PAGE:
Human Rights Watch Report Reveals Major Free-Speech Impact of Anti-BDS Movement
MPN- Human Rights Watch has been subjected to intense backlash by Israel and its supporters, including a number of state governments, for its role in publicizing the home rental company Airbnb’s operations in the illegally occupied West Bank.
Seventy-eight percent of Americans live in states that have laws or policies against boycotting Apartheid Israel or Israeli settlements, which are illegal under international law, according to a new report from Human Rights Watch (HRW). The report details the immense price Americans pay when exercising their free speech via their purchasing power to push back against human-rights abuses by Israel.
HRW further breaks down the number of states and which kinds of laws they have on the books:
Twenty-seven states have adopted laws or policies that penalize businesses, organizations, or individuals that engage in or call for boycotts against Israel. The laws or policies in 17 of those states explicitly target not only companies that refuse to do business in or with Israel, but also those that refuse to do business in Israeli settlements. Some states whose laws do not explicitly apply to settlements have also penalized companies that cut settlement ties.”
Andrew Prasow, HRW’s deputy U.S. advocacy director, said:
States should encourage, not sanction, companies that avoid contributing to rights abuses….
States with anti-boycott laws are effectively telling companies that if you do the right thing and disentangle yourselves from settlement abuses, you can’t do business with us.”
Earlier this week, Israeli courts upheld a decision to invoke a 2017 amendment to the country’s Law of Entry, effectively ordering the deportation of HRW’s Israel and Palestine director, MintPress News reported. Meanwhile, the U.S. has banned a founder of the Boycott, Divestment and Sanctions (BDS) movement from entering its soil.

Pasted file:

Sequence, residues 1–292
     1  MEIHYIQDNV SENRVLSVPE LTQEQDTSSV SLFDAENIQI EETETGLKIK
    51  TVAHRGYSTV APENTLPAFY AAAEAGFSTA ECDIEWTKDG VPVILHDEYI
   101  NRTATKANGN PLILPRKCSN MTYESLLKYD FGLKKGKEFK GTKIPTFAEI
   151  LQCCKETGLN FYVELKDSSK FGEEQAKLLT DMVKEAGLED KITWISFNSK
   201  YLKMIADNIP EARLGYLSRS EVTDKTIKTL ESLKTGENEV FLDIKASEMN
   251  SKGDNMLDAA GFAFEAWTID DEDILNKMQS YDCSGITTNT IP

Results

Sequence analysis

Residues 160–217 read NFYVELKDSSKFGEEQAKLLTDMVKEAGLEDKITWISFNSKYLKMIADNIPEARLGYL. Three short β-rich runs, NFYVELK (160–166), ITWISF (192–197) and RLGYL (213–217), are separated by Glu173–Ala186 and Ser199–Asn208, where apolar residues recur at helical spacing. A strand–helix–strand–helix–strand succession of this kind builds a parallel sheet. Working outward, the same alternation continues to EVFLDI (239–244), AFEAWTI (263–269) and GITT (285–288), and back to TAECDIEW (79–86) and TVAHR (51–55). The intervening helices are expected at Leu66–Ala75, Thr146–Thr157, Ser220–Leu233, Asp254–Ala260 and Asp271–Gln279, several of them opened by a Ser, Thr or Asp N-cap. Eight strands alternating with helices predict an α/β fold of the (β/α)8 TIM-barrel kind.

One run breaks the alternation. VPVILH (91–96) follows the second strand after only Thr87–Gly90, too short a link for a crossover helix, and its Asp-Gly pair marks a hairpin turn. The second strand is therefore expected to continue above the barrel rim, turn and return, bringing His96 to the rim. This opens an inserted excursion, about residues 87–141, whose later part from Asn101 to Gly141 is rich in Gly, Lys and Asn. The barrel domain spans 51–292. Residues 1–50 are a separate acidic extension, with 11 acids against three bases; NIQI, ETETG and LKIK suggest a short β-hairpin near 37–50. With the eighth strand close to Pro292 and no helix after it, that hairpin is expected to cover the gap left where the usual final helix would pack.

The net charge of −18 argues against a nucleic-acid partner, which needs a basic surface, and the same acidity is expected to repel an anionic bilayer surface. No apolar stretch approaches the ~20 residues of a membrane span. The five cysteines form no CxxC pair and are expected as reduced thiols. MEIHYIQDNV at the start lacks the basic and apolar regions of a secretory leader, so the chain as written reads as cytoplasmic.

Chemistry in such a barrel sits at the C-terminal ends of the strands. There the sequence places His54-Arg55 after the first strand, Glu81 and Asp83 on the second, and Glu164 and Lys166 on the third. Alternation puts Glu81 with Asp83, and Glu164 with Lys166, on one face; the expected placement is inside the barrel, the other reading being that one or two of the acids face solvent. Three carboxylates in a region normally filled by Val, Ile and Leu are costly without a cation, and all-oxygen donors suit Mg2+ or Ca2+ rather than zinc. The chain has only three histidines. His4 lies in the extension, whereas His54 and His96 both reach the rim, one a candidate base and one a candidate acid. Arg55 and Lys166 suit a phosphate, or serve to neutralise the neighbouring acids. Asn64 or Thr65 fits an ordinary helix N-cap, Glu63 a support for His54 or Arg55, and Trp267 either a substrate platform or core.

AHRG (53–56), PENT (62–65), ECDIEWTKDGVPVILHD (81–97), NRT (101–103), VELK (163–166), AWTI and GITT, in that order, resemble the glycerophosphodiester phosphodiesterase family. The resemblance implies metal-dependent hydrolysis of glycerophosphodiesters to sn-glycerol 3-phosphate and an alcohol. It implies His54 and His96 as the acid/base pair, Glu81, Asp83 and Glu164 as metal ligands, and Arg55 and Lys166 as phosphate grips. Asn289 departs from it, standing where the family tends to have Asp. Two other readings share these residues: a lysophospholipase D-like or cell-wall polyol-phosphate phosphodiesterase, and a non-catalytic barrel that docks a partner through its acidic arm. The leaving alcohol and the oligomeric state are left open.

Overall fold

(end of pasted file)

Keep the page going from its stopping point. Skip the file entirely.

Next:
The BDS movement seeks to economically pressure Israel and Israeli companies doing business in occupied territories into compliance with international law, including full rights for Palestinians and an end to the occupation of Palestinian territories, as well as the right of return for those who have been displaced by Israeli incursions over the years. Palestinians are, today, the single largest refugee population in the world.
The ruling in Israeli courts against the HRW director expanded the scope of Israeli’s Law of Entry, stating that “the country’s anti-boycott law applies to both boycotts directed at Israel and those directed at only West Bank settlements.”
Hitting back at HRW
Human Rights Watch has been subjected to intense backlash by Israel and its supporters, including a number of state governments, for its role in publicizing the home rental company Airbnb’s operations in the illegally occupied West Bank.
Home rentals in the illegally occupied West Bank. Red dots indicate listings on Airbnb, while blue dots indicate listings on Bookings.com.
Just one day prior to the release of the HRW report, entitled “Bed and Breakfast on Stolen Land,” Airbnb announced its decision to de-list rentals in the West Bank.
The report analyzed the status of the land on which the rentals sat, including: